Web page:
Offspring of women with diabetes are at increased risk of developing neurobehavioral and cardiometabolic disorders, but there is scant evidence regarding the association between glycemic level during pregnancy and these long-term offspring outcomes.


We conducted a population-based, cohort study of deliveries in Ontario between April 1991 and March 2018. Women had preexisting diabetes, gestational diabetes, or no diabetes. We applied a Cox proportional hazard model to examine the risk of developing attention deficit hyperactivity disorder (ADHD), autism spectrum disorder (ASD), and cardiometabolic outcomes in offspring and assessed the association between pregnancy HbA1c levels and risk of outcomes, adjusting for confounders.


A total of 3,407,961 mother/infant pairs were followed up to 29 years. Using a Cox proportional hazard model, offspring of women with type 1 diabetes had the highest risk of ADHD (adjusted hazard ratio [aHR] 1.43 [95% CI 1.36–1.49]), ASD (aHR 1.94 [1.80–2.09]), diabetes (aHR 4.73 [4.34–5.16]), hypertension (aHR 2.32 [2.07–2.61]), and cardiovascular disease (CVD) (aHR 1.72 [1.56–1.90]), followed by offspring of women with type 2 diabetes and gestational diabetes compared with those unexposed. Among women with preexisting diabetes, there was an association between level of pregnancy HbA1c and offspring diabetes (aHR 1.22 [95% CI 1.12–1.32]), hypertension (aHR 1.42 [1.29–1.57]), and CVD (aHR 1.20 [1.11–1.29]) but no statistically significant association with neurobehavioral outcomes.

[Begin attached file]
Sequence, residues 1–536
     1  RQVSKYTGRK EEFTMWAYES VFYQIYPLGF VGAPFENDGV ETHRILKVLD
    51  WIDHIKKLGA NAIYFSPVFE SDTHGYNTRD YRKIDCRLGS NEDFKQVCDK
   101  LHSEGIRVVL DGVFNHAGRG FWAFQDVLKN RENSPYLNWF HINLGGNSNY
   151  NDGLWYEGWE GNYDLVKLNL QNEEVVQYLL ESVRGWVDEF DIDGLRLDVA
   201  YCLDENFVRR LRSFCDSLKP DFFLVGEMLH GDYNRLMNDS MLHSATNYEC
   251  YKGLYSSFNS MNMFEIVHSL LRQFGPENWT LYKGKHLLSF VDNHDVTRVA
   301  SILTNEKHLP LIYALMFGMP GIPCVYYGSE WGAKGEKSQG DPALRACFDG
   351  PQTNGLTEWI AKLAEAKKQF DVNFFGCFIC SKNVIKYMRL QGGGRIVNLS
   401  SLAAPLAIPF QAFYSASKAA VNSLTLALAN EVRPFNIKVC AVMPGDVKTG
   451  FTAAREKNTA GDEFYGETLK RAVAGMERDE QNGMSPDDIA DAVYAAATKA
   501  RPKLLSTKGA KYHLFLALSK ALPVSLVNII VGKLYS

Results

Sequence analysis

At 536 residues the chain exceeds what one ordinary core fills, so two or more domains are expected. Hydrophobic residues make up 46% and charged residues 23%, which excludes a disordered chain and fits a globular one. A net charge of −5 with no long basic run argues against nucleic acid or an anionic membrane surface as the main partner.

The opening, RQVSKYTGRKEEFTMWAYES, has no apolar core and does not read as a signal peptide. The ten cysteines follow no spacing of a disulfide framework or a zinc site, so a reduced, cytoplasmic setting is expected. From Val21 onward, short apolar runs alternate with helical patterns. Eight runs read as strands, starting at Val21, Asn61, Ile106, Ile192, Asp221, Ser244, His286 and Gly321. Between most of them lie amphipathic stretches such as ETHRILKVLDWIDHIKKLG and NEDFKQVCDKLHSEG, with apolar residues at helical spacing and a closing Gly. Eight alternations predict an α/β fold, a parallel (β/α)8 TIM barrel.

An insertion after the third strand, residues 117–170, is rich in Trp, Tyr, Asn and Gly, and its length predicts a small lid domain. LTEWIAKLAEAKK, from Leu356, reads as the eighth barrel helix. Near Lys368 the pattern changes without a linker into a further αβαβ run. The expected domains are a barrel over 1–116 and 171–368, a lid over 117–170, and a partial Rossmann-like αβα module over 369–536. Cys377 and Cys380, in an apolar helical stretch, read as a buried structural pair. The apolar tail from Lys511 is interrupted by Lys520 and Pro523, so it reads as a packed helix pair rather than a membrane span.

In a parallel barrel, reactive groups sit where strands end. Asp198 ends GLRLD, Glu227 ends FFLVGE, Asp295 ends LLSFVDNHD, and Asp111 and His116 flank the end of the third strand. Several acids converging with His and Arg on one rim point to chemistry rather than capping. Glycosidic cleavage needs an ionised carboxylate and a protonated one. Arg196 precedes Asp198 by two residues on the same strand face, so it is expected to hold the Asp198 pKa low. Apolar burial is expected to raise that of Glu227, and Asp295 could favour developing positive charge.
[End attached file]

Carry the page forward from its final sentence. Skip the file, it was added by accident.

In utero exposure to maternal diabetes was associated with an increase in ADHD, ASD, and cardiometabolic outcomes in offspring, with differences seen across diabetes subtypes. Pregnancy glycemia was associated with cardiometabolic outcomes, but not neurobehavioral outcomes, and provides a potentially modifiable risk factor to decrease cardiometabolic outcomes in offspring.

This article contains supplementary material online at https://doi.org/10.2337/figshare.25810114.

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